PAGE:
Naturally, the Ferrari man was asked about his future and why he had not made public any decision. “I don’t think there is any deadline to decide: this week McLaren is saying something, last week Lopez of Lotus said we were talking, which is true, but it’s for a project outside Formula 1. Everyday there’s a rumour and today I read that I have bought Marussia for one dollar! It’s absolutely not true.”
At this time of year, the journalists are preparing their season reviews and Fernando was asked to pick out his highs and lows. “It’s been difficult and challenging, but probably my best season, because I had a tough challenge this year, including having a world champion on the other side of the garage and I was performing at my best,” he concluded.
“Hungary was the best moment, leading the race until two laps from the end and finishing second and the worst moment was Japan, with the terrible feeling because of Jules’ accident and then in the race I did only three corners before retiring.”
Kimi Raikkonen: “We have to believe”
It was here in 2007 that Kimi Raikkonen won the World Championship with Ferrari, but today in his media session he reflected on a somewhat less successful year. “Every season when you don’t win the championship, you can more or less forget it,” said the straight-talking Finn. “You are here to win races and championships and if you don’t manage it you have failed, whether you are second or twentieth. It’s been a hard year but we have learned things that will help us in future.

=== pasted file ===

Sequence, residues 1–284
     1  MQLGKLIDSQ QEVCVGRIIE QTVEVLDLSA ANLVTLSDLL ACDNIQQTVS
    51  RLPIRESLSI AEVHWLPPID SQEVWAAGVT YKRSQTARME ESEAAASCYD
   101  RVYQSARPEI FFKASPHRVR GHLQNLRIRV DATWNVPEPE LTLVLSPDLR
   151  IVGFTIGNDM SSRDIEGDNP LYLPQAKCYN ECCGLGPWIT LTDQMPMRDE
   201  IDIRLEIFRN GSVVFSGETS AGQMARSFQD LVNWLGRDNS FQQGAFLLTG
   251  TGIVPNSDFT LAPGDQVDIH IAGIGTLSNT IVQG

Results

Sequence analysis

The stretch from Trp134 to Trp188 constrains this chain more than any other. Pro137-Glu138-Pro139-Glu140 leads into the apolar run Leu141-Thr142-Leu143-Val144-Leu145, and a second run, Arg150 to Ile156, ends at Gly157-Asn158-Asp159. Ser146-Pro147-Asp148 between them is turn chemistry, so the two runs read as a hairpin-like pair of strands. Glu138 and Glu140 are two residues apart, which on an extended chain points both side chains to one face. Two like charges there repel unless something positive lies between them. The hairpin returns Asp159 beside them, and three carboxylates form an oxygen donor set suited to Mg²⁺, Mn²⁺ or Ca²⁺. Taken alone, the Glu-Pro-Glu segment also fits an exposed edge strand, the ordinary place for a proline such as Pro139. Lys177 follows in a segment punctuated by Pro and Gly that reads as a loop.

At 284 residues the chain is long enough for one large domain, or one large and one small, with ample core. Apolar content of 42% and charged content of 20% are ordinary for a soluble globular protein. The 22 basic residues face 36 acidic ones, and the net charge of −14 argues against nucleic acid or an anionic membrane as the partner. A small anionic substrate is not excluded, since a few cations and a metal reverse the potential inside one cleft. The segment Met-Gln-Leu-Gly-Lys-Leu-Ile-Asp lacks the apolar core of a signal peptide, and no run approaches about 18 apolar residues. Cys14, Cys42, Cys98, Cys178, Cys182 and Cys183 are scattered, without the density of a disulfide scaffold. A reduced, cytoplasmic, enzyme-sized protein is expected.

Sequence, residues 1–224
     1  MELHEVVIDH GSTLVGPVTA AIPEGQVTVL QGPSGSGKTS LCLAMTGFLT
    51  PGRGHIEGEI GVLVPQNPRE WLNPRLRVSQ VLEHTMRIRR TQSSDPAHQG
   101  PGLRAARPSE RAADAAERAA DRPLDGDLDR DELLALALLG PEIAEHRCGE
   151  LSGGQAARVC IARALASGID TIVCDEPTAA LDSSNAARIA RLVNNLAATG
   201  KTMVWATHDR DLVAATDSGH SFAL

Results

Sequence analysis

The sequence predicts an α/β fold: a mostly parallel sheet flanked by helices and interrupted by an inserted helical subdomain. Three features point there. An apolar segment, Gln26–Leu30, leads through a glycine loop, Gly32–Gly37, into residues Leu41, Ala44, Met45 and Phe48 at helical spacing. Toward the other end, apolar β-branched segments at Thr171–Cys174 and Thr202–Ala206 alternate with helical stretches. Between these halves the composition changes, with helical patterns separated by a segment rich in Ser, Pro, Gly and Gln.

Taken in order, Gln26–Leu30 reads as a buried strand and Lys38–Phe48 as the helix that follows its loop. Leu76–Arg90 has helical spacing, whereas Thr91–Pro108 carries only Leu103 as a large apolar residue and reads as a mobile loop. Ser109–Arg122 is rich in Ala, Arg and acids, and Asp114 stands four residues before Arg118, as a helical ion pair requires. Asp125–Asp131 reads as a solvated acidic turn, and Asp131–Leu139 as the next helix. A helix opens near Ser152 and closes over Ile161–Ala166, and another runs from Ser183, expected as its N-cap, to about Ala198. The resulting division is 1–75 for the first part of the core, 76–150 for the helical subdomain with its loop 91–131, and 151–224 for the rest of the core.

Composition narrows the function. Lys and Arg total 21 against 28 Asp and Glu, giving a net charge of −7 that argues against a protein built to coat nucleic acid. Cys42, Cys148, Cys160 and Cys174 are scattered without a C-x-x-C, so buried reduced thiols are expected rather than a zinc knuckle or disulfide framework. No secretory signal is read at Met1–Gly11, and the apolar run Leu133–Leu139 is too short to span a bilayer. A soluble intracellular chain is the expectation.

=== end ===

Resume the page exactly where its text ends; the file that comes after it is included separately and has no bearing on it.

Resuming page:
But it’s not much fun when you have difficulties race after race. That’s how it goes sometimes in Formula 1, but we have to believe in what we do and I’m sure we can get back to where we should be. During this year, we improved a lot on the engine and electronics side and for sure the car has got more downforce now. It’s a much better car than it was at the beginning of the year.”
My driving style is more to try and carry the speed in the corners, keeping the speed mid corner.
So would next year’s car fix the problem? “I’ve seen numbers from it and so on, but it’s the same story every year; you don’t really know until you get the car on the circuit,” replied the Scuderia Ferrari driver. “They started very early on the design of next year’s car and the designers listened to us and made some changes to try and improve in areas where we feel this year’s car has been lacking in performance. I believe we can have a much better car and a much better package. How good? We will know in February next year.”
Raikkonen then went on to explain exactly why he does not get on with the F14 Ts tendency to understeer in corners. “Since go-karts, if the front end doesn’t turn in and bite, I have never liked it. My driving style is more to try and carry the speed in the corners, keeping the speed mid corner. That’s the way I’m used to doing it and obviously I change my style a little every year.
I believe that is the fastest way for me and if I can’t put the car where I want and brake the way I want because of locking wheels or sliding from the front, then it’s going to become a guessing game and if you miss the line through one corner then you miss it through the next ones. It sounds a small thing, but over a lap it becomes quite a big deficit.”